Oil giants should ditch high-cost projects, thinktank says

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Terry Macalister Energy editor: Thursday 5 May 2016

These leading energy companies including Exxon Mobil should ditch high-cost projects in deep water and Canadian tar sands to concentrate on cheaper schemes that make money at low crude prices, says the report, Sense and Sensitivity, by the Carbon Tracker Initiative.

The report follows shareholder resolutions calling on oil companies to undertake “stress tests” on operations in the face of stronger carbon regulation and weakening fossil fuel demand as countries move to lower-carbon economies. read more

Fort McMurray Fire: Shell Turns Oilsands Camp Into Shelter For Evacuees

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CP  |  By The Canadian Press: 05/04/2016 1:02 pm EDT

Screen Shot 2016-04-20 at 13.50.03CALGARY — The wildfire raging through the heart of Canada’s oilsands capital dealt a blow Wednesday to crude perations, with Shell Canada closing a major mining facility north of Fort McMurray, Alta.

The company temporarily shut down production at its Albian Sands mining operations located about 70 kilometres north of the city.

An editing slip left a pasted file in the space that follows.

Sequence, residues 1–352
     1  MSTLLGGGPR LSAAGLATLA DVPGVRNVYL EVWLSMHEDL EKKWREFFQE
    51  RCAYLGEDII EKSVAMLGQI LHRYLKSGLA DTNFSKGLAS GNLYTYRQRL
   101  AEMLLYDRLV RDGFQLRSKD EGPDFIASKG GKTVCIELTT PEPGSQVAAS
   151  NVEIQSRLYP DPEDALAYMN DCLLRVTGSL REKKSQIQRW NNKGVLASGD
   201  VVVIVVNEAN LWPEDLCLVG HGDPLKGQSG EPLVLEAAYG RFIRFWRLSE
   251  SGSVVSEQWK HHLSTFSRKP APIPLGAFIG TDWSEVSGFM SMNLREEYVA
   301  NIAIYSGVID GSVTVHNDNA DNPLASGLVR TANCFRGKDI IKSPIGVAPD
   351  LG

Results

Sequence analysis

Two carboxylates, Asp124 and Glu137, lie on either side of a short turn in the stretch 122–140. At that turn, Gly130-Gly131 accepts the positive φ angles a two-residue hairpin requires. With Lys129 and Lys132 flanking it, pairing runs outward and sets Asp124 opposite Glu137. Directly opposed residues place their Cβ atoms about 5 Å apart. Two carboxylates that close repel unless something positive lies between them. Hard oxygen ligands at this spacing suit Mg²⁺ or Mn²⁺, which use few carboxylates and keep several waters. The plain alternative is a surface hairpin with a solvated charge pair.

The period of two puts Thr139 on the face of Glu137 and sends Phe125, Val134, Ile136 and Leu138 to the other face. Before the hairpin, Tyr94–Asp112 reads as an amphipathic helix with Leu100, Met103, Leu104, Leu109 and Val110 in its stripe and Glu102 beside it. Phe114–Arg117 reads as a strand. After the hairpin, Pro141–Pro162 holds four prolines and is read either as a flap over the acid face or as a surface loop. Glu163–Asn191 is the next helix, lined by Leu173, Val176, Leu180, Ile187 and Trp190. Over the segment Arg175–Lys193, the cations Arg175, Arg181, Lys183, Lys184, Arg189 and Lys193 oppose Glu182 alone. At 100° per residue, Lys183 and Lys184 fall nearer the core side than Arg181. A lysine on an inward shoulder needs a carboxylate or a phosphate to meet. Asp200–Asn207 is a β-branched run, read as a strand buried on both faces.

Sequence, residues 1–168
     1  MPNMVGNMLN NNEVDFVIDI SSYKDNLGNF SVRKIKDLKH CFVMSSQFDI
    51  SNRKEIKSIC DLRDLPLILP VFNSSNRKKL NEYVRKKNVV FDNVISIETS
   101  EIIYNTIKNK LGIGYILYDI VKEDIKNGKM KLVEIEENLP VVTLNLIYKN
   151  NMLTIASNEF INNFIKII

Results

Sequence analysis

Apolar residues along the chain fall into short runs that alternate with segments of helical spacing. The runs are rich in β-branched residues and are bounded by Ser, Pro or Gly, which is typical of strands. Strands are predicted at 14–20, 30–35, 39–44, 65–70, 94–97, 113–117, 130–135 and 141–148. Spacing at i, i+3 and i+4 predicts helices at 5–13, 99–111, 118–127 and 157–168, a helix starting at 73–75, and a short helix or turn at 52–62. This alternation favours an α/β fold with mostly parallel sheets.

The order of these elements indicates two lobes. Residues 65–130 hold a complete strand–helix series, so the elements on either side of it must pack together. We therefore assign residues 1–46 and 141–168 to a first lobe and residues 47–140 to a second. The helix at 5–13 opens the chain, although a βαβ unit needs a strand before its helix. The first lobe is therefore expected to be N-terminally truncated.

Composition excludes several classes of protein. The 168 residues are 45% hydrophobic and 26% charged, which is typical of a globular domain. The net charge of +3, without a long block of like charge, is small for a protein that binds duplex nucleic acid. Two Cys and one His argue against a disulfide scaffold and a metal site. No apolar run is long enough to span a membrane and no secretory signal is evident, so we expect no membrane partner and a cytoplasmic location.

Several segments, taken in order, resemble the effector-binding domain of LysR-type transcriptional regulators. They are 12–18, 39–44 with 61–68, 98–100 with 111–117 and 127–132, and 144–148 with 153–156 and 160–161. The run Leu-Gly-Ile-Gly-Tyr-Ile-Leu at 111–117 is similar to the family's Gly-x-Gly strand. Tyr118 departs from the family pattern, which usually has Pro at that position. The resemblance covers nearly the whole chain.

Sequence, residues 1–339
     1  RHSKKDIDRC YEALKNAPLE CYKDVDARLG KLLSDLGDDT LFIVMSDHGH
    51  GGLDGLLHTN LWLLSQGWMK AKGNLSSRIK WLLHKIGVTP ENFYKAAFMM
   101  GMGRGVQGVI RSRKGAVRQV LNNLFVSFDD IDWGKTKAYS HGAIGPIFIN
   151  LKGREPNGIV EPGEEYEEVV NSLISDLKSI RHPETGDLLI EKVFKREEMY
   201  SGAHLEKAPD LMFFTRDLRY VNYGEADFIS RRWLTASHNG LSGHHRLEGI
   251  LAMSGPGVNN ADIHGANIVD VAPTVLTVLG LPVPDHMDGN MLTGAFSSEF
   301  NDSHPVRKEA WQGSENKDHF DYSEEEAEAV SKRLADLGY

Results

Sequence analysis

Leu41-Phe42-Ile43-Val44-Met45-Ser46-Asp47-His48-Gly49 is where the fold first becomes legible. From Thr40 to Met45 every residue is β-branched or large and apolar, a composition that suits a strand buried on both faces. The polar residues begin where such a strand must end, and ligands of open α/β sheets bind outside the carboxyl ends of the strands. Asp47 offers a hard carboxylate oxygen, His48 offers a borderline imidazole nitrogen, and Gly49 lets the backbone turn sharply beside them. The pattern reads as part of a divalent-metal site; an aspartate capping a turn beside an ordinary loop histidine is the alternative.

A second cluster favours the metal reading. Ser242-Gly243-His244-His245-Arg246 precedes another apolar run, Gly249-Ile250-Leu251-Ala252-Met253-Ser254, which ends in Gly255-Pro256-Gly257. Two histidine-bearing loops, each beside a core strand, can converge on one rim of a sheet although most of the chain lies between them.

Shell said it made the decision to focus on getting employees and their families out of the region while also freeing up room at its 2,000-person work camp for some of the 80,000 people who were ordered evacuated Tuesday from Fort McMurray. read more

Shell finance chief refuses to rule out further North Sea job losses

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Screen Shot 2016-04-25 at 15.56.32Written by Phil Allan – 04/05/2016 12:34 pm

Shell’s finance chief has refused to rule out further job losses in the North Sea as the oil giant announced its earnings had dropped by $4billion dollars in the first quarter of 2016.

Chief financial officer Simon Henry said the voluntary redundancy packaged announced recently announced as a result of Shell’s acquisition of BG Group, may not be the last to affect the North Sea as the company continues to look at cut costs from its global operation. read more

An oilman’s $7 billion refresher course in the economics of drilling and climate change

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To many analysts, it looked like Odum was pushed into leaving.

Steven Mufson March 11, 2016